Six Facts About Restriction Enzymes

When restrictions come in the form of paperwork and approvals, we detest them. Whereas, when the restrictions come in the form of enzymes, we love them, don’t we? Restriction enzymes play a key role in biotechnology research.

Read ahead for six useful facts about restriction enzymes.

 1.  Restriction enzymes are helpful to bacteria

Restriction enzymes are part of a pathogen resistance pathway known as host-controlled modification. In restriction modification systems, bacteria modify their own DNA to protect against cleavage by endogenous restriction enzymes. However, the bacterial restriction enzymes cleave phage DNA to prevent infection.

2.  Restriction enzymes are non-discriminating, specific cutters

Restriction enzymes bind to recognition sites within a genome to make a specific, predictable cut. This high specificity is the basis for molecular cloning. But restriction enzymes do not discriminate between prokaryotic and eukaryotic DNA. They will cut all DNA, producing DNA fragments on which more experimentation can be conducted. Using the same restriction enzyme, a gene of interest can be extracted from eukaryotic DNA and inserted into a bacterial plasmid. This method demonstrates restriction enzymes’ key role in cloning, a widely used procedure in labs around the world to genetically modify bacteria.

3.  There is more than one type of restriction enzyme

Type I restriction enzymes require adenosine Triphosphate (ATP) for DNA hydrolysis and cleave at a random distance from the recognition site. Type II restriction enzymes cleave within or at a specific distance from the recognition site. Type III restriction enzymes require ATP and cleave at a specific distance from the recognition site. Type IV restriction enzymes cleave at varying distances from the recognition site and can only cleave modified (methylated) DNA.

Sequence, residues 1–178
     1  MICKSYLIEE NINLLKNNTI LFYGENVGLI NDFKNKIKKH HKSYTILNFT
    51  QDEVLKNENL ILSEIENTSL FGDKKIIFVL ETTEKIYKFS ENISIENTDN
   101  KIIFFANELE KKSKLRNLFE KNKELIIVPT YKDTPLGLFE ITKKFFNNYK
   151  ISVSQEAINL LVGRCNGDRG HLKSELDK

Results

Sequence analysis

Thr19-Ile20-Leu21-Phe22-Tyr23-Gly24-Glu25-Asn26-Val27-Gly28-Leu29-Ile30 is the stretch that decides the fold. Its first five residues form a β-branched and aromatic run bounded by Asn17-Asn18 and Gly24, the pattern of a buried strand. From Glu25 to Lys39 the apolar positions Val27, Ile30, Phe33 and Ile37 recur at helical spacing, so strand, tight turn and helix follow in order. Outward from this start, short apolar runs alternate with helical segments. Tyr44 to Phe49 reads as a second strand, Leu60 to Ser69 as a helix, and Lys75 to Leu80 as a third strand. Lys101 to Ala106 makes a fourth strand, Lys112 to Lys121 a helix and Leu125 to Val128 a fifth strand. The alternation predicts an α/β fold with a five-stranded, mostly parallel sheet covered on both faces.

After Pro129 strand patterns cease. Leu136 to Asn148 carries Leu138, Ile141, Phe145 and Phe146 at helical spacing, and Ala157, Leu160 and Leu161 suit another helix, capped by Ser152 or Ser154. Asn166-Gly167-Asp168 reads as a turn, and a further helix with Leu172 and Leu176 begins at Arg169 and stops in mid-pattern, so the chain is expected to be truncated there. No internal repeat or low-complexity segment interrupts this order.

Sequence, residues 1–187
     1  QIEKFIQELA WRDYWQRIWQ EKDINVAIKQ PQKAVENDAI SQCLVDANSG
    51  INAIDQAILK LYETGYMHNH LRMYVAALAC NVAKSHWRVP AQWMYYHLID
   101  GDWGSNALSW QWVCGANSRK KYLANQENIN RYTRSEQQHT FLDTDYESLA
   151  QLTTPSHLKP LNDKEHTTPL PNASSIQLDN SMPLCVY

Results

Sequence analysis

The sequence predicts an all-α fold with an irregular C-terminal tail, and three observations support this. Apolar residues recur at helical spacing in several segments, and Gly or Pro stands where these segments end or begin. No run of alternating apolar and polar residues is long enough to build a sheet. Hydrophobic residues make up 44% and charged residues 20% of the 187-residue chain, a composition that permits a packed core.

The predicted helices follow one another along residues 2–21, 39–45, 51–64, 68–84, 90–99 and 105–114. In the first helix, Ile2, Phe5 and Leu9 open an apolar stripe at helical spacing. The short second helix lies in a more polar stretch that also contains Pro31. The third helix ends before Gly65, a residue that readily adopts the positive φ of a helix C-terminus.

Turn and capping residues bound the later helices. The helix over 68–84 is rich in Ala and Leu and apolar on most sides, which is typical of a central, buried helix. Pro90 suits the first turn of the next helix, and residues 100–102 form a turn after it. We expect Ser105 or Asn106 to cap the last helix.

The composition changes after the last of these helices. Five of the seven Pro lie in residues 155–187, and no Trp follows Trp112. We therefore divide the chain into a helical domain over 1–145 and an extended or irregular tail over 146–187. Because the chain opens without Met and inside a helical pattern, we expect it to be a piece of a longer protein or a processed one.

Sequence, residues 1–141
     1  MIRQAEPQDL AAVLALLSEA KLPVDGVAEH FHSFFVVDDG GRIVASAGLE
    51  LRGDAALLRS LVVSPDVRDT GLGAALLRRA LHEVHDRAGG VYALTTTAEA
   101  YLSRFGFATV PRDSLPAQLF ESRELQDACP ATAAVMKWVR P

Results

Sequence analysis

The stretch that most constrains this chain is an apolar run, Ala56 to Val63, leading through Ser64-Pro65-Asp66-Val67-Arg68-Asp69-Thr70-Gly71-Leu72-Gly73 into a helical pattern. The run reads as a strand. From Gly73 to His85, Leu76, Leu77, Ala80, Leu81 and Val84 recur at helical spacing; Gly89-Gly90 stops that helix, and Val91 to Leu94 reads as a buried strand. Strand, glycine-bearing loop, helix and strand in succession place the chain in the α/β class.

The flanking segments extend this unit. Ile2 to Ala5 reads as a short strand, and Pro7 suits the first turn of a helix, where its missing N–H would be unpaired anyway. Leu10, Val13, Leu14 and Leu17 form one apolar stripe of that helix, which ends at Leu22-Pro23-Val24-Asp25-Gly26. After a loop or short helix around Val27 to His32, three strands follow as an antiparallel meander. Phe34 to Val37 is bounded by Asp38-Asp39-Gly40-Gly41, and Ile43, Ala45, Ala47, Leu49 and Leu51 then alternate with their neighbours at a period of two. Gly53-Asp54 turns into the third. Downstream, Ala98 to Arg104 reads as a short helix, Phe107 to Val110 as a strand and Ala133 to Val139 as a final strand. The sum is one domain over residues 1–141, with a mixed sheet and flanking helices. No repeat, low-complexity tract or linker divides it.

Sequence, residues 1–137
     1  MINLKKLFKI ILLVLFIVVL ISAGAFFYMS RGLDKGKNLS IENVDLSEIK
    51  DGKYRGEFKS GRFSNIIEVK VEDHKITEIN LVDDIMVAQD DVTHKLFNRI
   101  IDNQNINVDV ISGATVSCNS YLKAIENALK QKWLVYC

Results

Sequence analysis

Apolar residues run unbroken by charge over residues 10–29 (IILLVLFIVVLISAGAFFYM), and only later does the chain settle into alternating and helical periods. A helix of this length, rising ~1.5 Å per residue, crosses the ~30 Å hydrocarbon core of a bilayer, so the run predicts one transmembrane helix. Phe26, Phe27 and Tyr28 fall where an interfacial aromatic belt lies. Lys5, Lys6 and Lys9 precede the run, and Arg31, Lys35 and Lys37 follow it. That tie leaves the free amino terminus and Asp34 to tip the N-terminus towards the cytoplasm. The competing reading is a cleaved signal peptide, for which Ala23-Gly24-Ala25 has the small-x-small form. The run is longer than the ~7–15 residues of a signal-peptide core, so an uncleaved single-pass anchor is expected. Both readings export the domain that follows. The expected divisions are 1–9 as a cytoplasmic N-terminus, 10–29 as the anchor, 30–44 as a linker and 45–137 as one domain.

4.  Restriction enzymes have partners

Restriction enzymes have partner methyltransferases, which methylate DNA. In bacteria, this serves to protect the bacterial genome from digestion by its own endogenous enzymes. Type II restriction enzymes cannot recognize methylated DNA, leading to much frustration if the site you want to cut is methylated. However, Type IV restriction enzymes can recognize methylated DNA, providing you with an option when you have methylated DNA.

5.  It’s not all about Type II enzymes when cloning

While cloning is one genome editing technique in which restriction enzymes are used, CRISPR-Cas9 genome editing is a newer technique employing another type of restriction. Cas9 protein is an integral part of the complex prokaryotic immune system. When combined with a guide RNA, the protein-RNA complex cleaves DNA. By engineering the guide RNA, you can target any site within a genome.

6.  Artificial enzymes

The recently developed zinc finger nucleases are classified as artificial restriction enzymes. They consist of DNA binding and cleavage domains. The DNA binding domain recognizes a specific sequence in the DNA, which is then cut by the cleavage domain. The binding domain, consisting of three optimally arranged pairs of fingers, can recognize a single locus in the mammalian genome, making it a highly accurate method of genome editing. The DNA-cleavage domain is the non-specific cleavage domain from the type IIS restriction enzyme FokI.

Restriction enzyme discovery and development have led to new enzymes and experimental methods. These six facts will take you a long way in understanding experiments in scientific literature and help in designing unique, meaningful experiments.

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